More on: Gun Control

January 14, 2013

I’m a New York State resident, and I’ve been following the recent activities of our legislators in Albany.

I applaud the bi-partisan work of the members of our New York State Assembly; the members of our New York State Senate; and NYD Governor Andrew Cuomo, to act swiftly and deliberately to negotiate and pass comprehensive gun control legislation in January 2013.

Assault weapons have no place in civilian hands in a civilized society. High capacity magazines are a necessary evil for law-enforcement and military purposes; they have no place in any civilian application.

No different than ownership and/or operation of a motor vehicle; possession, ownership and/or operation of a firearm should be predicated by background and identity checks; testing; registration and licensing; plus proof of liability insurance.

The frequently heard argument that the Second Amendment guarantees “the right of the people to keep and bear Arms” is an emotionally charged and incomplete line of reasoning.

There is nothing stated or implied in the Second Amendment which tells us possession, ownership and or use of firearms should be unfettered and outside the purview of laws and regulations carefully designed to protect the interests of the greater public good.

It is unfortunate that the immediate reaction to any talk of ‘gun control’ emanates from (often overzealous) Second Amendment advocates.

The basis of our Second Amendment — which was adopted in 1791 — likely had very clear and relevant context to the 18th century, and to the events which preceded the Revolutionary War.

Now, more than 2 centuries later, it would seem to be helpful to have a rational, detached and thoughtful public discourse to include all facets of a 21st century centric debate on firearms and what makes the most sense for the majority of our fellow citizens today.

I have not met or communicated with any balanced and rational individuals who want to deprive any responsible American adult of their right to own and use firearms.

Nor, have I met or communicated with any balanced and rational individuals who want to deprive any responsible American adult of their right to own and operate motor vehicles.

It seems that through careful analysis and regulation, we have been relatively successful keeping unqualified and/or irresponsible individuals from operating motor vehicles.

I wonder: Why would any responsible and/or qualified American adult believe that we couldn’t accomplish the same outcomes with firearms?

Most gun crimes in New York City and the lower Hudson Valley involve weapons illegally brought into our state. Do we want to continue the illegal trafficking of guns into New York?

History tells us that — in 1791 — gang violence, assault weapons and drug trafficking had not yet been invented. Multi-shot hand guns did not appear until the early 19th century, and did not become commercially viable until 1856 when Smith and Wesson produced the first cartridge revolver.

Laws and regulations developed and designed around the technology, society and economy of the 18th century no doubt have some validity for our current society, yet may need to be carefully examined to see how and where some ‘tweaks’ might make them more relevant for today.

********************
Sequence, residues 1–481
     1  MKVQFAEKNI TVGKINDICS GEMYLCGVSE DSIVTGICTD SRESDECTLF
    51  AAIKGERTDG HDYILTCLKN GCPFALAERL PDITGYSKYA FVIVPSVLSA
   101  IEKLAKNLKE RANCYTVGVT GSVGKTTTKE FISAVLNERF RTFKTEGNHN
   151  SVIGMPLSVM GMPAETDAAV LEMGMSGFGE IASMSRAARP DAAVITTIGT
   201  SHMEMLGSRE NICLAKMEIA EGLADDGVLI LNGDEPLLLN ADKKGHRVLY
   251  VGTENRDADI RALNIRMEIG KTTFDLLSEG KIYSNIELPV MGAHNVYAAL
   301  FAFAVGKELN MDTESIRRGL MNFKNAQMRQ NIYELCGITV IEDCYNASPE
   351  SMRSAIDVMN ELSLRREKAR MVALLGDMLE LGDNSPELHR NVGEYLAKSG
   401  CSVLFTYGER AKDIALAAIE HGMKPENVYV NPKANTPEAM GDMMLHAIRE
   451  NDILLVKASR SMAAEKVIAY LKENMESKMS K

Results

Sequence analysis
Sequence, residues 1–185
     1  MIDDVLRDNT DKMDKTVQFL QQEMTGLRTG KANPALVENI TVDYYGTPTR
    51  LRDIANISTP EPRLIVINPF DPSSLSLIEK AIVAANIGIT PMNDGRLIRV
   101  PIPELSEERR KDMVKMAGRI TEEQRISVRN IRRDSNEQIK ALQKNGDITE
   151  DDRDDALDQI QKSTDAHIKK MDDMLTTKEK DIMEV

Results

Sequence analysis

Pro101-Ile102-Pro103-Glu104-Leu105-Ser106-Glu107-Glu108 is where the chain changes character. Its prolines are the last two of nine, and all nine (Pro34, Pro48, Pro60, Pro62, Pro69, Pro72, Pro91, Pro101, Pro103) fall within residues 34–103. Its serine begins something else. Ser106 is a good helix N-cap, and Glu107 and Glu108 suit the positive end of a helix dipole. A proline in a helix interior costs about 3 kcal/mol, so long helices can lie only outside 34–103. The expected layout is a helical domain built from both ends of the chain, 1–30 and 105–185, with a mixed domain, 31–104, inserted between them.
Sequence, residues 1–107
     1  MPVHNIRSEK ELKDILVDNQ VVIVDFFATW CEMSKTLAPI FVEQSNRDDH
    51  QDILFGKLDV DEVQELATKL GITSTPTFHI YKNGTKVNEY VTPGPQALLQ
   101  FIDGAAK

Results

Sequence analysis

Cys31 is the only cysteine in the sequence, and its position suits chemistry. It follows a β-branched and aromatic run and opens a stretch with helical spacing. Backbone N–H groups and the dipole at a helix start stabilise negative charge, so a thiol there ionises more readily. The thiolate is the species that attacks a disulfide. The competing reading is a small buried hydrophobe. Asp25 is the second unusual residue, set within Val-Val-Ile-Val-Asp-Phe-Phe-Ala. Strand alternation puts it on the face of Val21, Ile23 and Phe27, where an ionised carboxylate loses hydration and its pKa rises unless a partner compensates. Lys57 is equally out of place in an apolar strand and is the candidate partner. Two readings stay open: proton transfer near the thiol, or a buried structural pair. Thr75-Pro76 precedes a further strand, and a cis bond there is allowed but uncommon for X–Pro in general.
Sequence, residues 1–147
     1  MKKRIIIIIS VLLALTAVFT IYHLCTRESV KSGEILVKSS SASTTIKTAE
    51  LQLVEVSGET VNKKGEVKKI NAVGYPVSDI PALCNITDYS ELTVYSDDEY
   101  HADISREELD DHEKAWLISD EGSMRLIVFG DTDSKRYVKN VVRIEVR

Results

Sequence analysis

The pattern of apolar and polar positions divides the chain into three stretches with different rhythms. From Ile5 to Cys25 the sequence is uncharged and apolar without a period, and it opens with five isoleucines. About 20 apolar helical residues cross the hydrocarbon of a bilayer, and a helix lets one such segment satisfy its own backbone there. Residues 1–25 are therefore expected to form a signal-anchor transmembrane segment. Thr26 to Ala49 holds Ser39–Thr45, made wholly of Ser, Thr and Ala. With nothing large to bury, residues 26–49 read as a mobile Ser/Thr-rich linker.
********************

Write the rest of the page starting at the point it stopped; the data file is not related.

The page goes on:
Thank you to Governor Cuomo and our New York State Legislators for taking some bold first steps to bring our state gun laws into compliance with the Information Age. There is more to be done, but you have accomplished some solid reform in January 2013.

Bravo!

An article published in The Journal News, a Gannet newspaper serving the lower Hudson Valley, reported on an unfortunate incident involving Aron Rottenberg, who recently suffered third-degree burns to half his body.

As the story goes, Rottenberg had been ostracized by the Skver Hasidic sect that runs the Village of New Square because he did not worship at the community’s main synagogue, headed by Grand Rebbe David Twersky.

A letter distributed to the community in November 2010 by New Square’s leadership and rabbinical court warned that not worshipping at the main synagogue was a severe violation and that anyone in violation must be stopped from using the community’s facilities.

Sources reported that Rottenberg’s family had faced growing levels of intimidation in recent months, including broken windows in their home.

Protests outside the Rottenberg home calling on them to leave led to the family installing surveillance cameras.

On Sunday, May 22, Aron Rotteberg confronted a man carrying a rag soaked with flammable liquid behind his home on Truman Avenue and Rottenberg was severely burned during a confrontation.

Rottenberg is in serious condition at Westchester Medical Center in Valhalla but is expected to survive.

Meanwhile, as a country, we are spending Zillions of dollars and sacrificing thousands of our soldiers to death or permanent disability in Iraq and Afghanistan, and not more than 60 miles from Ground Zero, we have extreme religious fanatics engaged in early-stage ‘Hassidic Jihad’.

Today, they attack each other because of the PLACE where they worship.

Apparently, this is not even an issue of “what do you believe?” or “How do you live your life?”

What might happen tomorrow?

I’m concerned and angry, but not quite ready to fight personally.

Yet, our TAX DOLLARS are supporting this insane behavior: The fire district; The police; The district attorney; The public defender; The school district. Each of these entities is involved in this case, and it goes on and on.

I think it is inappropriate for the majority to be saddled with the costs of religious fanatics fighting over turf.

This really is no different from the Crips vs. Bloods, or any other iteration of gang behavior.

Best I can tell, this whole mess looks and smells like it has RICO implications.

Where is the US Attorney? The FBI?

If we are to support this circus with tax dollars, let’s get our money’s worth.